> the "foo" on
              > Line 1 and returns 1.
              > If flags is "bw", then the search finds the
              > "bar" on the third
              > line and returns 2.
              > If flags is "bW", then the search fails. The
              > cursor stays
              > put, and the function returns 0.
              > If flags is "n", the function returns 2 but
              > does not move the
              > cursor.
              > If flags includes "p", then >
              > :echo search('\(foo\)\|bar', flags)
              > < returns 0 (no match), 1 ("bar"), or 2 ("foo"),
              > depending on
              > the other flags used.
              >

              I am all in favor of good examples, even if they make the text
              longer. It's far more profitable to understand the subject
              immediately after reading a page than to start deciphering
              a cryptic short clever text and writing examples myself
              to understand what that one-liner is trying to say.
              All in all, I'd very much vote for the text above to be
              included.

              Cheers,

              ---Zdenek
            • Bram Moolenaar
              ... I find the example a bit long, takes a bit of reading to understand. And it looks like the action can be done with one command :%s/foo/bar/ge . Am I
              Message 6 of 13 , Nov 25, 2005
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                Benji Fisher wrote:

                > On Thu, Nov 24, 2005 at 09:11:06AM +0100, Zdenek Sekera wrote:
                > > >
                > > > Would it be clearer if I wrote
                > > >
                > > > 'a' allow a match at the current cursor position
                > > >
                > > > instead of the line quoted above?
                > >
                > > I would think so. Though, to add the whole last paragraph
                > > (the example) as an explanation wouldn't be too much either...
                > > I find it very clear.
                > >
                > > ---Zdenek
                >
                > How about an even longer paragraph that illustrates most of the
                > flags? (Bram, if you like this explanation and it will save you some
                > effort, I can make an updated patch.)

                I find the example a bit long, takes a bit of reading to understand.
                And it looks like the action can be done with one command
                ":%s/foo/bar/ge". Am I missing something? I'm sure it is possible to
                come up with a shorter example that shows the use of the flags.

                --
                hundred-and-one symptoms of being an internet addict:
                198. You read all the quotes at Netaholics Anonymous and keep thinking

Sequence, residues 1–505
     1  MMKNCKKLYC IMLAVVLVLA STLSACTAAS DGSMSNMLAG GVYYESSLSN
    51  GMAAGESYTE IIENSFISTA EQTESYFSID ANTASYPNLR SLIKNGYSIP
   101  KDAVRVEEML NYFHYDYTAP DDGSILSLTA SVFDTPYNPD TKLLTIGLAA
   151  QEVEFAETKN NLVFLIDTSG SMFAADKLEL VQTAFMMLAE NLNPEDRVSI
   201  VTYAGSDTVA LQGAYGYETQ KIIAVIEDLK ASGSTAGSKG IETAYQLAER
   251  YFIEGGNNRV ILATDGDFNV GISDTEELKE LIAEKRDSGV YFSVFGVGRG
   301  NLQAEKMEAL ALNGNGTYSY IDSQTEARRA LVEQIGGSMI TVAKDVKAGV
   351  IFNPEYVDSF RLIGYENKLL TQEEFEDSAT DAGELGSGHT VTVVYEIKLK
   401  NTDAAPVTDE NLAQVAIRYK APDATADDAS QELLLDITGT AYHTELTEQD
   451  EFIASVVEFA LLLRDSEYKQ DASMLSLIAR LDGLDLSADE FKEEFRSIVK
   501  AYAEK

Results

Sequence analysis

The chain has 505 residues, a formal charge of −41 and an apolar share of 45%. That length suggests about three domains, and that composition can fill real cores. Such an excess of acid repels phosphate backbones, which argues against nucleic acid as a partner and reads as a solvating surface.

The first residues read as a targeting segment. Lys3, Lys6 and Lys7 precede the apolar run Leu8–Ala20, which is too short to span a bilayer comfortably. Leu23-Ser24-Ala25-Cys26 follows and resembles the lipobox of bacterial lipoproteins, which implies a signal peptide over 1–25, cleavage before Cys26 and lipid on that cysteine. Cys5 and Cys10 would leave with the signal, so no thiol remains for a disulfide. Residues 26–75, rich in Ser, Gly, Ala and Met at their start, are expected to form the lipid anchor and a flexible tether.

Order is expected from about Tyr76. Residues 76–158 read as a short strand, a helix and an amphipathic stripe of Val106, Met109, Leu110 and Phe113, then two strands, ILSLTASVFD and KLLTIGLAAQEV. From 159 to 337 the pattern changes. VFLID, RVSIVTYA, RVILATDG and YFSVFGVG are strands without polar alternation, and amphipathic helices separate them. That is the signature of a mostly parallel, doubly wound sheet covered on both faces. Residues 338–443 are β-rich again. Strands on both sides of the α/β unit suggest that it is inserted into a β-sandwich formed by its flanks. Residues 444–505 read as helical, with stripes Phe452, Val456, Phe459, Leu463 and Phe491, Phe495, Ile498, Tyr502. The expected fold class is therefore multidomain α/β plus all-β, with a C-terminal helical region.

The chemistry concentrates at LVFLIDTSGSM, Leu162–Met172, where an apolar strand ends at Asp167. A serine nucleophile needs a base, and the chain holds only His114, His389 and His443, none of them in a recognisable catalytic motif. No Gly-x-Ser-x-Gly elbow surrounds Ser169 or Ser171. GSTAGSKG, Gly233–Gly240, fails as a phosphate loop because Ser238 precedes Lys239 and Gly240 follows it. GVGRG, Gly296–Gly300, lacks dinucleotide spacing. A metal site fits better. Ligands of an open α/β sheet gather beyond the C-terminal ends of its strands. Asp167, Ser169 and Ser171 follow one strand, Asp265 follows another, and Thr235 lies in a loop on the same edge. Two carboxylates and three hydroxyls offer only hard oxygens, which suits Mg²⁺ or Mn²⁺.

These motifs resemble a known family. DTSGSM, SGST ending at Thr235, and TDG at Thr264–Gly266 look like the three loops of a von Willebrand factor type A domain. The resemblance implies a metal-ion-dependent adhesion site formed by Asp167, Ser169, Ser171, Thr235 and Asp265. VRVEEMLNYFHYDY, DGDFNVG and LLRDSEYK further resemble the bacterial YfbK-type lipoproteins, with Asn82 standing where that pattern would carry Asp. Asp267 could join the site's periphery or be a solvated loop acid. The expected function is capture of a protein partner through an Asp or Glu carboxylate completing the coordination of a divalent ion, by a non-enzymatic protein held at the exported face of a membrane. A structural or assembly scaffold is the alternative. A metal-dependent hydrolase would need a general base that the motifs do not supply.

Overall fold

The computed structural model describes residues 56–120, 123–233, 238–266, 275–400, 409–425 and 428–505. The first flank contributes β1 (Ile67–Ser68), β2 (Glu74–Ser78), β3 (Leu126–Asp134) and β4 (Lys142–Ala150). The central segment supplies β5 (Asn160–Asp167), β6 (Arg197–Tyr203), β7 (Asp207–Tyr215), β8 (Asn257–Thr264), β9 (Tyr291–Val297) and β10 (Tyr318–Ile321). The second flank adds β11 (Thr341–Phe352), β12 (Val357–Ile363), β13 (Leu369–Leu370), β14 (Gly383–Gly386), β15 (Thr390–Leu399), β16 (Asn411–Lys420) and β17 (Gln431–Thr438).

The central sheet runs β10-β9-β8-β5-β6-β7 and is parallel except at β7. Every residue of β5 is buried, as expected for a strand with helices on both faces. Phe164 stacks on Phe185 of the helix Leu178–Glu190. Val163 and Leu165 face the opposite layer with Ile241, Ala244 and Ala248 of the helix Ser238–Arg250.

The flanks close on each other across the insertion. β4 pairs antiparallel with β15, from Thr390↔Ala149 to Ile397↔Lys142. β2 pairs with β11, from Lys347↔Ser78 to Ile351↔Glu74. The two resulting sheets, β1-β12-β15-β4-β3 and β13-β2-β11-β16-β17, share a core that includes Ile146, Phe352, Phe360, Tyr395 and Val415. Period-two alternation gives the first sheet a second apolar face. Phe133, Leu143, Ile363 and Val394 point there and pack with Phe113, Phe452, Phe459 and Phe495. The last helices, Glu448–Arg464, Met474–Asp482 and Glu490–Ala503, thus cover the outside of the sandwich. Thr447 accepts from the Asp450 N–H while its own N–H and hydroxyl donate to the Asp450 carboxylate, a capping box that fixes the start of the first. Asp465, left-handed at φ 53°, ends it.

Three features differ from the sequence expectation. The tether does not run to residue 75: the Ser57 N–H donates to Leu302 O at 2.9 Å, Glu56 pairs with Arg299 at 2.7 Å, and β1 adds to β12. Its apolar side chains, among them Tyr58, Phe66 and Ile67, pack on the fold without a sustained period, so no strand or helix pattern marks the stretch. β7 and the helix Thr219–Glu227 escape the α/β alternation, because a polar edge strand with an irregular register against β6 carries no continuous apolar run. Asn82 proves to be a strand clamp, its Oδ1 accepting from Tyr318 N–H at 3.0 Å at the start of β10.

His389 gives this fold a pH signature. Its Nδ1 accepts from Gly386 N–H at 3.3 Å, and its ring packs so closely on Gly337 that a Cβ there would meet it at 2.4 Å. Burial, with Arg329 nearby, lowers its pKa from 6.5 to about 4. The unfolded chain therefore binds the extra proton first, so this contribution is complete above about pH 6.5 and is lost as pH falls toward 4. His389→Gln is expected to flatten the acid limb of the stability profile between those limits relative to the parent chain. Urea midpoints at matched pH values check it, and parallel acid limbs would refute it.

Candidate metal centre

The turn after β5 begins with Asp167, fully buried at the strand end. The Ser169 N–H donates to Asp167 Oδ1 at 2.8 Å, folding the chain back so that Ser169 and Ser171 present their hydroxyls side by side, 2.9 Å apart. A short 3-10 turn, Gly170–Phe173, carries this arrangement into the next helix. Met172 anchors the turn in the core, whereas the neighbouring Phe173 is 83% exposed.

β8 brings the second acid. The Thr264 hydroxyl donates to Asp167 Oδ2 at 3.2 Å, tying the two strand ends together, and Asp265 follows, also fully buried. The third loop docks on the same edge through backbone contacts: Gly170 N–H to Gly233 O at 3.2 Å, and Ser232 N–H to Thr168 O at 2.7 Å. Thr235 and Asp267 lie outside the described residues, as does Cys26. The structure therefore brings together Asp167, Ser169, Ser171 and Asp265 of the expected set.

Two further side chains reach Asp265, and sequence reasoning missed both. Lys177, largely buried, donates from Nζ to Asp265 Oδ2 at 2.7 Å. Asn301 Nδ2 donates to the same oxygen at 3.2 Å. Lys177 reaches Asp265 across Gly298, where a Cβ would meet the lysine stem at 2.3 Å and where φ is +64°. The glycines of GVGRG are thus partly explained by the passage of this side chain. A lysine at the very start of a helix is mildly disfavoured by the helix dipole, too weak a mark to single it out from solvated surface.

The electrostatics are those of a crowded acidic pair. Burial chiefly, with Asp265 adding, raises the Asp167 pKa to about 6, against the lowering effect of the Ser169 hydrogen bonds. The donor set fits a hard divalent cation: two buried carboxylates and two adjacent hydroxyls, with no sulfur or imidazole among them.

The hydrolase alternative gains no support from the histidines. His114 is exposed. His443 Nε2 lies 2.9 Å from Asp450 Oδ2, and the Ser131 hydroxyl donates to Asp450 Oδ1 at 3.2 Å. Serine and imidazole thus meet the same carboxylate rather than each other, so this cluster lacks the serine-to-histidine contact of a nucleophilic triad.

"What's wrong with that?"

                /// Bram Moolenaar -- Bram@... -- http://www.Moolenaar.net \\\
                /// sponsor Vim, vote for features -- http://www.Vim.org/sponsor/ \\\
                \\\ download, build and distribute -- http://www.A-A-P.org ///
                \\\ help me help AIDS victims -- http://www.ICCF.nl ///
              • Benji Fisher
                ... I may not be able to satisfy both of you when it comes to documentation! My current suggestion includes a shorter, less comprehensive, more interesting
                Message 7 of 13 , Nov 30, 2005
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                  On Fri, Nov 25, 2005 at 11:25:25AM +0100, Bram Moolenaar wrote:
                  >
                  > Benji Fisher wrote:
                  >
                  > > On Thu, Nov 24, 2005 at 09:11:06AM +0100, Zdenek Sekera wrote:
                  > > > >
                  > > > > Would it be clearer if I wrote
                  > > > >
                  > > > > 'a' allow a match at the current cursor position
                  > > > >
                  > > > > instead of the line quoted above?
                  > > >
                  > > > I would think so. Though, to add the whole last paragraph
                  > > > (the example) as an explanation wouldn't be too much either...
                  > > > I find it very clear.
                  > > >
                  > > > ---Zdenek
                  > >
                  > > How about an even longer paragraph that illustrates most of the
                  > > flags? (Bram, if you like this explanation and it will save you some
                  > > effort, I can make an updated patch.)
                  >
                  > I find the example a bit long, takes a bit of reading to understand.
                  > And it looks like the action can be done with one command
                  > ":%s/foo/bar/ge". Am I missing something? I'm sure it is possible to